Rather than relying on traditional lectures and textbooks, the Modeling Instruction teaching method actively engages students in understanding the physical world by having students construct and apply conceptual models of their own making. First introduced some years ago as a more student-centered approach to teaching high school physics than the more commonly used lecture-demonstration format, the modeling instruction movement has grown to include chemistry and biology instruction in many middle and high schools around the country. The American Modeling Teachers Association—an organization of proponents and practitioners dedicated to the method—has a variety of videos, articles, and podcasts showing examples of the method in action and describing its benefits.

Several of the resources include reflections and comments from students learning in modeling classrooms. Looking for comprehensive chemistry and physics videos for high school students? These two series feature videos on chemistry and physics topics along with notetaking guides and handouts for students. Chemistry Matters covers basic concepts such as atomic structure; bonding; chemical reactions; moles and stoichiometry; solutions, acids, and bases; thermodynamics, and more.

Examine complex issues of science, race, and ethics with a collection of teaching resources based on the book The Immortal Life of Henrietta Lacks by Rebecca Skloot This true-life story tells about Henrietta Lacks, a young African American woman who died of cervical cancer in and lives on in the form of HeLa cells. HeLa cells—an abbreviation of her name—are cervical cancer cells taken from her body and subsequently preserved, grown, and maintained in laboratories.

However, these advances happened without the consent of Henrietta Lacks or her family, which brings about numerous ethical considerations. Snapshots for Acquiring Core Skills is a series of quick, literacy-focused life skills lessons for middle level and high school teachers, coaches, and parents published by the educational nonprofit group Overcoming Obstacles. Titles include Can You Hear Me?

Most appropriate for middle and high school levels, lesson collections lessons address a range of topics e. The activities are a mix of reading, hands-on, and application experiences and include any necessary student handouts, teacher guides, and PowerPoint presentations. Registration is required to access the materials. This web portal is a one-stop shop for high school and college educators interested in learning about and working with Google Earth.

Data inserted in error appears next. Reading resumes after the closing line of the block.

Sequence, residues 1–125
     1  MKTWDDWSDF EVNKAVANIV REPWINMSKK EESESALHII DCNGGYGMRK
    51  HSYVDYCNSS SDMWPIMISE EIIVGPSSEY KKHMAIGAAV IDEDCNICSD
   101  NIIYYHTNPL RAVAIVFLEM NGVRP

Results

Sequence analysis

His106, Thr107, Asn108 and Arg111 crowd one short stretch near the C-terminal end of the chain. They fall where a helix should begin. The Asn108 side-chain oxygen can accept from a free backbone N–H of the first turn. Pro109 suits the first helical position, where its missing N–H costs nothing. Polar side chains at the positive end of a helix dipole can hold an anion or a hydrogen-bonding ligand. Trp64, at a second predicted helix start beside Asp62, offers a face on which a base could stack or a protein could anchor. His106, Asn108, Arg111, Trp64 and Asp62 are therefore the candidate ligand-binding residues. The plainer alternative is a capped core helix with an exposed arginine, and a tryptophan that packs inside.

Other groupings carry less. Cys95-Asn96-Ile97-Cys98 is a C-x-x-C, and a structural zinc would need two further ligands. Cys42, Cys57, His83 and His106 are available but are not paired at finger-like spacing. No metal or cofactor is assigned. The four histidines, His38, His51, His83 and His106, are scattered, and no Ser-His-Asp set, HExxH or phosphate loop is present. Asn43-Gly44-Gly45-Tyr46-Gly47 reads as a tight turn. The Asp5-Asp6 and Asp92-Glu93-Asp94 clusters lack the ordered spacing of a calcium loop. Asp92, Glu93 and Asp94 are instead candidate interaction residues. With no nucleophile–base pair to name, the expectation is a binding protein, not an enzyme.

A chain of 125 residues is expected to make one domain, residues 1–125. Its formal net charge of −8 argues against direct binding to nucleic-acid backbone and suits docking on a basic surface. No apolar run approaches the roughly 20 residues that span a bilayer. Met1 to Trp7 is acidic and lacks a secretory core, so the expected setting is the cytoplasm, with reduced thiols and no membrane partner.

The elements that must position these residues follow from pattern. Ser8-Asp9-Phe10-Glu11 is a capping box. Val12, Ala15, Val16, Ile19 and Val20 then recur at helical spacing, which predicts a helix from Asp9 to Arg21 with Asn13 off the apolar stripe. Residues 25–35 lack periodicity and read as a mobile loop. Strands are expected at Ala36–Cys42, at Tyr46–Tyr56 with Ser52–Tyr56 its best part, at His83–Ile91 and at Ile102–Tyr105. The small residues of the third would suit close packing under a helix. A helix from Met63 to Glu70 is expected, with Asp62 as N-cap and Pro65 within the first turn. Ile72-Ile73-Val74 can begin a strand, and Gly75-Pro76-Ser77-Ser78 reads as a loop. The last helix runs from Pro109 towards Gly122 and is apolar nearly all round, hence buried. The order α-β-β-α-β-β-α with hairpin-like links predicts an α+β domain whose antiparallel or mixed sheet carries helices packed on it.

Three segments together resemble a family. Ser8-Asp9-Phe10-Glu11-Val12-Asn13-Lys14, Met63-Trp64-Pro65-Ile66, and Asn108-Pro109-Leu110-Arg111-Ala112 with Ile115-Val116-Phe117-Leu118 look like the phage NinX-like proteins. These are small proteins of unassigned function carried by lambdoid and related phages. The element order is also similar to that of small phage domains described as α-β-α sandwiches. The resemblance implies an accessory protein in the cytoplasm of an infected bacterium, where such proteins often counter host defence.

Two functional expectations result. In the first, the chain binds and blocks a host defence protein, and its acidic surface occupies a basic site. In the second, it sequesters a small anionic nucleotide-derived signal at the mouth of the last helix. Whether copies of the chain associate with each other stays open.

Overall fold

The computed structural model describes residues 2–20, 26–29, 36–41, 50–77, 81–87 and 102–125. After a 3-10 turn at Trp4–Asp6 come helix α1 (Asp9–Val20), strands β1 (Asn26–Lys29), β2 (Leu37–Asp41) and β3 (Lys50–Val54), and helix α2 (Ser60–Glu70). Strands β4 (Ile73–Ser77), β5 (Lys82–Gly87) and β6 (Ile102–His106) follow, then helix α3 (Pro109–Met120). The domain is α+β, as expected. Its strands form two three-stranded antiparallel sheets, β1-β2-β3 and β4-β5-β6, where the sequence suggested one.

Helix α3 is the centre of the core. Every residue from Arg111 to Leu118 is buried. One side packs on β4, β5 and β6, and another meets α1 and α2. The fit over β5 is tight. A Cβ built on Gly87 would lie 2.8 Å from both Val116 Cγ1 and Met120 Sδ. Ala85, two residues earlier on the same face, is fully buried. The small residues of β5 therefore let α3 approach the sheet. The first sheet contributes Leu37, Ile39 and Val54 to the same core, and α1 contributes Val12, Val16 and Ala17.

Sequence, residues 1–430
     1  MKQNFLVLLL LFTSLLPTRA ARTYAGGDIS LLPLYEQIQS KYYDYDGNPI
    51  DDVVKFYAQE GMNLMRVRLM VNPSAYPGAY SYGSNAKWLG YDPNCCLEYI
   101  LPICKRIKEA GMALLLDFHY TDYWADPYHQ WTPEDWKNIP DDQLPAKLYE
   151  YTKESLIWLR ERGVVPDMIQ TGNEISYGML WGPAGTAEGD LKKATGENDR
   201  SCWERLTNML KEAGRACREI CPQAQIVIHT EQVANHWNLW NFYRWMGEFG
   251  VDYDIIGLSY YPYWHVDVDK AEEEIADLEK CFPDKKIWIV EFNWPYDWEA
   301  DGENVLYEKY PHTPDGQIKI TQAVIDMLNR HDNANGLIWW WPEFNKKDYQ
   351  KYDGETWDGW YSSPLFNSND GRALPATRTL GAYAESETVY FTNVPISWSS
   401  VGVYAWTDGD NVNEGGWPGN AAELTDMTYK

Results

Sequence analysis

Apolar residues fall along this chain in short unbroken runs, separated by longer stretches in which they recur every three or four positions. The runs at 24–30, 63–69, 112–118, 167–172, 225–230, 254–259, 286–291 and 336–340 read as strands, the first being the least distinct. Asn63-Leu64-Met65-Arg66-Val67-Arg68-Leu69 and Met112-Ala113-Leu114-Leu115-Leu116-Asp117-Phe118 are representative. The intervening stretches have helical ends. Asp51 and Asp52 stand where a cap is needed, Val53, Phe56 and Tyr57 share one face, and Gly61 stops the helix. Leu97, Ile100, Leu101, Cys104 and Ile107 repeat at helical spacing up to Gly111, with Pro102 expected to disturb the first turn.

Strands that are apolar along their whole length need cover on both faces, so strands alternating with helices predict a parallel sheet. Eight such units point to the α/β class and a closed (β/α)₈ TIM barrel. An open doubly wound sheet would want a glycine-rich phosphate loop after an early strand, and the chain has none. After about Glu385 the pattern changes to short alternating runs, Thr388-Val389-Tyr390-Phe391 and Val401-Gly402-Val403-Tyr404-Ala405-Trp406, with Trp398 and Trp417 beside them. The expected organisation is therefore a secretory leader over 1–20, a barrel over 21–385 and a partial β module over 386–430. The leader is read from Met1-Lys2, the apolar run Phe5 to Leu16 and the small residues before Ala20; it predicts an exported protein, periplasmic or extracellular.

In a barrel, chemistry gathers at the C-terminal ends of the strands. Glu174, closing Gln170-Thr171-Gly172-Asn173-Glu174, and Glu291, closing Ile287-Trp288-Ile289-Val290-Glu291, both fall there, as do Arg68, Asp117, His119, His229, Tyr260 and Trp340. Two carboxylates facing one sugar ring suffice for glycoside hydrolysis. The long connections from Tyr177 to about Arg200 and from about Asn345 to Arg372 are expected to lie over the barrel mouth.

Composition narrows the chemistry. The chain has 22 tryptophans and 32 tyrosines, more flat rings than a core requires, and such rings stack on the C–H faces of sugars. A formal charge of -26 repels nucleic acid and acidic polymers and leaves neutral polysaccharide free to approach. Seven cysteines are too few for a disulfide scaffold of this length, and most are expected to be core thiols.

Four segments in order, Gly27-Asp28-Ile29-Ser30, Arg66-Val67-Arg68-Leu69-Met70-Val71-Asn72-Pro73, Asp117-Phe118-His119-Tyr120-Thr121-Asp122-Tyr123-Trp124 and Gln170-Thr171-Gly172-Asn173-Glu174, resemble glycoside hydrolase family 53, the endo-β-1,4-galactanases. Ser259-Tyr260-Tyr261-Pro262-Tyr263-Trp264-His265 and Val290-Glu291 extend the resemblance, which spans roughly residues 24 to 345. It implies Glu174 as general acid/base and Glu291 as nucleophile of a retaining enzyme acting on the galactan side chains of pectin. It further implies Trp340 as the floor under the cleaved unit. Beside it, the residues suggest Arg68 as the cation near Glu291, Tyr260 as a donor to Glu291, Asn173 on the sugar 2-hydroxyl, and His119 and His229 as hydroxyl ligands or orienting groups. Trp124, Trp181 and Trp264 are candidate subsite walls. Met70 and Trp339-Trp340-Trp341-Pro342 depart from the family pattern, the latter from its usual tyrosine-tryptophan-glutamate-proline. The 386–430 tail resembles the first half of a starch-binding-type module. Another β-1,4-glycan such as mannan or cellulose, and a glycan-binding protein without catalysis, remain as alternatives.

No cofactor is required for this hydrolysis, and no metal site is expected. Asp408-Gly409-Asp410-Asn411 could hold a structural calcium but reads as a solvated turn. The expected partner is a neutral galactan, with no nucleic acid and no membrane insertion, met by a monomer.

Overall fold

The workshop proceedings have been published in this book, which is available online to read or download as a PDF. The book begins with an overview of the current state of K—12 education and moves through discussions of effective processes for developing and selecting instructional materials for the NGSS, distributing instructional materials, implementing instructional materials.

An appendix suggests action steps that will help continue to move NGSS implementation forward. With the recent volcanic activity in Hawaii, students may be interested in understanding more about volcanic eruptions. The USGS provides online resources for middle and high school educators to teach students about different types of volcanoes, how they erupt, and how many exist in the United States.

In addition to providing near-real-time volcano-monitoring data, the site presents information and lessons about plate tectonics; posters explaining geologic hazards at volcanoes e. Highlights include The Harnessed Atom, a middle level curriculum featuring lessons, games, and teacher presentations covering the essential principles of energy and matter, and STEM Topics videos for teachers , which explore topics from Using Fairy Tales to Teach Math and Engineering in Lower Elementary School to an Introduction to Probeware in the Classroom Vernier.

Use this coloring book to bring the stories of women who helped end World War II to life. Appropriate for all ages, but especially inspiring for middle and high school girls interested in STEM careers, the booklet features project scientists such as Lilli S. The Simpsons is a popular animated TV series—except among those working with nuclear technology.

In actuality, the Nuclear Regulatory Commission requires that a supervisor, along with a second supervisor or reactor operator, be present at all times during reactor operation. Other misrepresentations identified in the article include the ideas that radioactive waste is a green oozy liquid, nuclear power plants are poorly maintained, fuel rods can be used as paperweights, and nuclear power plants cause mutations.